This is the speech Karen Selick had prepared to give in court on Friday:
“Your Honour, I do not envy you your task today. Today, you have to choose between enforcing the law, and doing justice—because regrettably, we cannot assume that they are one and the same.
Here in your courtroom there sits a crowd of some 60 people: supporters of Michael Schmidt, people who have been helped by him, people who have benefitted from the very same regulatory offences that you have convicted him of.
Your task today is to punish this man for the very acts that they are here to pay homage to him for.
You have no guidance before you, no precedents to tell you what is the “going rate” for a raw milk offence. You will have no choice but to exercise your own discretion, to use your independent judgement, to summon up all the wisdom you have acquired over the years, and to impose a fitting sentence.
I checked the Courts of Justice Act to see whether perhaps your oath of office would give you some guidance as to how to resolve the conflict between enforcing the law and doing justice. I was dismayed to find that it doesn’t. There is no reference in your oath of office to doing justice. You promised only to “execute the duties of a judge of the Ontario Court of Justice”.
So you have to ask yourself, “Which is more important? Why am I really here? Why do we have a court system at all?” For me, the answer is crystal clear. We have a court system to do justice. The courts are an independent branch of government, not mere minions of the legislature—because sometimes the legislature makes mistakes. Sometimes it enacts laws that were ill-conceived in the first place, or if they were once wise and useful, have now outlived their usefulness. And that is why we have a separate branch of government, the judiciary, to take an independent look at individual cases in a way that the legislature cannot. Your job is not to rubber-stamp the will of some legislators who lived 70 years ago. Your job is to do justice.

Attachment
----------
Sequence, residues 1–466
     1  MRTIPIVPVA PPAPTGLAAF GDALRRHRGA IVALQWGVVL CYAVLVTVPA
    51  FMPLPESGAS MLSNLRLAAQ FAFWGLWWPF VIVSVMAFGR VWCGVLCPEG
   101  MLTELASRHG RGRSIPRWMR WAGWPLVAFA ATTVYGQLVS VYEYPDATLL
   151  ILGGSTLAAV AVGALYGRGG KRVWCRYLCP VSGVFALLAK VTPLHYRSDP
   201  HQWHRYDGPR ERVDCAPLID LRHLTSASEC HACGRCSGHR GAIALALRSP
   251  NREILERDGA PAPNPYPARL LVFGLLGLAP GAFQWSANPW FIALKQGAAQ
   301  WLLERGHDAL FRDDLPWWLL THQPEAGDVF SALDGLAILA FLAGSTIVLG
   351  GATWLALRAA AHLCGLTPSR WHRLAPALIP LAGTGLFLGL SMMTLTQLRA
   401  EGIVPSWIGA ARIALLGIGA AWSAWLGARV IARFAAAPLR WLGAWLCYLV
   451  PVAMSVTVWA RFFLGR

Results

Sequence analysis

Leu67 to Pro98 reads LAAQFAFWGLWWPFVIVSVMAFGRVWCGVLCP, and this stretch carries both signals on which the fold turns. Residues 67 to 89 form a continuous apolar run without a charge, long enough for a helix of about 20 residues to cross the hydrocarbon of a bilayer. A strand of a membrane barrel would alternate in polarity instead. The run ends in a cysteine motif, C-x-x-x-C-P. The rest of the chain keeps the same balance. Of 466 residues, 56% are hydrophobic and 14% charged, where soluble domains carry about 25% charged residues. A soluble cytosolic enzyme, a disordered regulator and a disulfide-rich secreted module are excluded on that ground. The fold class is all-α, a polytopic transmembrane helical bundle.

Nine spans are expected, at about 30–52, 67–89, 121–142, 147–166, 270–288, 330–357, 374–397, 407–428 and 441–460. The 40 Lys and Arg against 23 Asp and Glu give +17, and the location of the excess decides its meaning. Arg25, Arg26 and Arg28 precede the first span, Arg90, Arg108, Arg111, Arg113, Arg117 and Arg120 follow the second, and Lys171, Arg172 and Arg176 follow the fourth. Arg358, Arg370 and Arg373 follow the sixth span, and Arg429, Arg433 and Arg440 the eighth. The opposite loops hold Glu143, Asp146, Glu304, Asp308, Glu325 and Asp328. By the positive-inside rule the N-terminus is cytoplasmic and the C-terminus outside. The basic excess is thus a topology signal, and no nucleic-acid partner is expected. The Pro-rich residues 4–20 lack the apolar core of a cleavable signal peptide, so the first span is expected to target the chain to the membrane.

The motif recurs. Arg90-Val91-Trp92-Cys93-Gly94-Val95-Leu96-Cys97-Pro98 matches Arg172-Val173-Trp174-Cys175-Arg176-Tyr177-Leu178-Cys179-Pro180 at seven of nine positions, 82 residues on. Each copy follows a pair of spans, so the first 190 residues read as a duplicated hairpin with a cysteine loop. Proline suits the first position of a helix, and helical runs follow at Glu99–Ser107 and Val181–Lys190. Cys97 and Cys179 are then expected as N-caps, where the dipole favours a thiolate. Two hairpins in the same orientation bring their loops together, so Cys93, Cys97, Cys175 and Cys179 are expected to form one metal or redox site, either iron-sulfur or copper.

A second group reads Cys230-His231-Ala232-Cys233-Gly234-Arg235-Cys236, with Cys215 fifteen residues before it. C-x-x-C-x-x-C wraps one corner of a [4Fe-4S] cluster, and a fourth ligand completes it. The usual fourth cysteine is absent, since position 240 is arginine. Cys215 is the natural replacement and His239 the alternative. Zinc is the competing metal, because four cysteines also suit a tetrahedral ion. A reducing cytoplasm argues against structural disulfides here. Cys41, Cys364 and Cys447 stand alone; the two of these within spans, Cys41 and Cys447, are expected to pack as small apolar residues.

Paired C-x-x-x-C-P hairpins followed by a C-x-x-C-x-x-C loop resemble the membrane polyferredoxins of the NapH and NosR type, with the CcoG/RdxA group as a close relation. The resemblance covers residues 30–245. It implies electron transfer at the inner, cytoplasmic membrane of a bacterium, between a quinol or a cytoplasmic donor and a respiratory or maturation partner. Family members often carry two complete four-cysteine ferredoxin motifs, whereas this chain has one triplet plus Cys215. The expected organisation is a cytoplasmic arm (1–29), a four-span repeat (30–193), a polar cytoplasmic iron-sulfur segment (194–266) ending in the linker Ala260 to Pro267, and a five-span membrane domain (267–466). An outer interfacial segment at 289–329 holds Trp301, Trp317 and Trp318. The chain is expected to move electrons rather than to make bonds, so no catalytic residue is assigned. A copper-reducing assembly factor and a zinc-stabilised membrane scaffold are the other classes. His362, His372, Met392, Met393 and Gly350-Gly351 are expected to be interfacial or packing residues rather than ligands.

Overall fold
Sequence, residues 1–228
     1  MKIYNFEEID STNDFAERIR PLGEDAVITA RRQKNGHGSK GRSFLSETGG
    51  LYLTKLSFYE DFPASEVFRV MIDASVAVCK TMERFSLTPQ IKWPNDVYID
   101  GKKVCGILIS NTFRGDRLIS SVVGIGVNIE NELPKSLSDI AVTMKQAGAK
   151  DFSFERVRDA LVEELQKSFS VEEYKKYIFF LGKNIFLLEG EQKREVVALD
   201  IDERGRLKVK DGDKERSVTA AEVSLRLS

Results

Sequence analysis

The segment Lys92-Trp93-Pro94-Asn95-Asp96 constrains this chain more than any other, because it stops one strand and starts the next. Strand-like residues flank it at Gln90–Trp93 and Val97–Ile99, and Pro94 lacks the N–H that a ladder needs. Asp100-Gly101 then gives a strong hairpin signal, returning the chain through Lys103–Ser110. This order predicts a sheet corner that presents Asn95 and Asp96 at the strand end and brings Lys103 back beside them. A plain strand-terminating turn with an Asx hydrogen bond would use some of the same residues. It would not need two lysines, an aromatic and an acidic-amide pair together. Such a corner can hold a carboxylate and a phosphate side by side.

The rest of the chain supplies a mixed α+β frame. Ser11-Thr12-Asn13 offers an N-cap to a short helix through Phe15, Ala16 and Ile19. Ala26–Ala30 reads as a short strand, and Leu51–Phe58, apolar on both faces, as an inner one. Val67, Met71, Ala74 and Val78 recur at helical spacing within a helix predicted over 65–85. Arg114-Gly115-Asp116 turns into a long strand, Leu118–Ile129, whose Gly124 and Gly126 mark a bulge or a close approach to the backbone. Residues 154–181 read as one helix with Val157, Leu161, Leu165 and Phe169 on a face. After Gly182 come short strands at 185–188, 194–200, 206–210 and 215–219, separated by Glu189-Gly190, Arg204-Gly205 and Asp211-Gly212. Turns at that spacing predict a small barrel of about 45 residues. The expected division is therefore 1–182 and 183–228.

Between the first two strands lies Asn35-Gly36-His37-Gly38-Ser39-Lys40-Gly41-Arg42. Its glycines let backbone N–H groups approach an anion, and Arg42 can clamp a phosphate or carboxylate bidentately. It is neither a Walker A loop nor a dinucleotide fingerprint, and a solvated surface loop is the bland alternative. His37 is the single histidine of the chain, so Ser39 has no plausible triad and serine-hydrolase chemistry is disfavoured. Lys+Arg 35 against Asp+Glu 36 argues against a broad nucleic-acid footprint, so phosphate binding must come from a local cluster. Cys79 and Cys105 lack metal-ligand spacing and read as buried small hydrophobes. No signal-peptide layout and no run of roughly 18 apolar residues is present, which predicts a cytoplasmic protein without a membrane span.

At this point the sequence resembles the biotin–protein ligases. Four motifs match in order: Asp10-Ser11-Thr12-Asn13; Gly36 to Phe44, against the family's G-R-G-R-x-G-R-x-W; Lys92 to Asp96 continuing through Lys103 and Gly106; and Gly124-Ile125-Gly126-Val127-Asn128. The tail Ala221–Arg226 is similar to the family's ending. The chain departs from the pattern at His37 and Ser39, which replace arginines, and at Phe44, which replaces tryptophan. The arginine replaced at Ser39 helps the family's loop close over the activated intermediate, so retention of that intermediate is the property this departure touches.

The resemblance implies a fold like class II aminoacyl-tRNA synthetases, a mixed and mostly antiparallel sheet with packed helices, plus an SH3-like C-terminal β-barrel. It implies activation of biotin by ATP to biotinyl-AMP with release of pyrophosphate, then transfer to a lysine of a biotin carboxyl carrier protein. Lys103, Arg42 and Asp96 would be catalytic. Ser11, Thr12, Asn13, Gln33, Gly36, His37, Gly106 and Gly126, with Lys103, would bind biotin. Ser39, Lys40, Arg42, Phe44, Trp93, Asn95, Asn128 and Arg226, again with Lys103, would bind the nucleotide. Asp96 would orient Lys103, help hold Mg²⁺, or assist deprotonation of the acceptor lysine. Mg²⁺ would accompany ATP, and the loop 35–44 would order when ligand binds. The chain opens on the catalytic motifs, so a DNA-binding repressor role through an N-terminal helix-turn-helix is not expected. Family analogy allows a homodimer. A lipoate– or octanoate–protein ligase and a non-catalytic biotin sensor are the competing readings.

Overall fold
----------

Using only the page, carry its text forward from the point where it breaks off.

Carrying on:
And it is my view that justice does not consist in punishing someone who has never done anyone any harm. It does not consist in punishing someone whose supposed “victims” are sitting here hoping desperately that you will not punish him enough to prevent him from continuing to “victimize” them”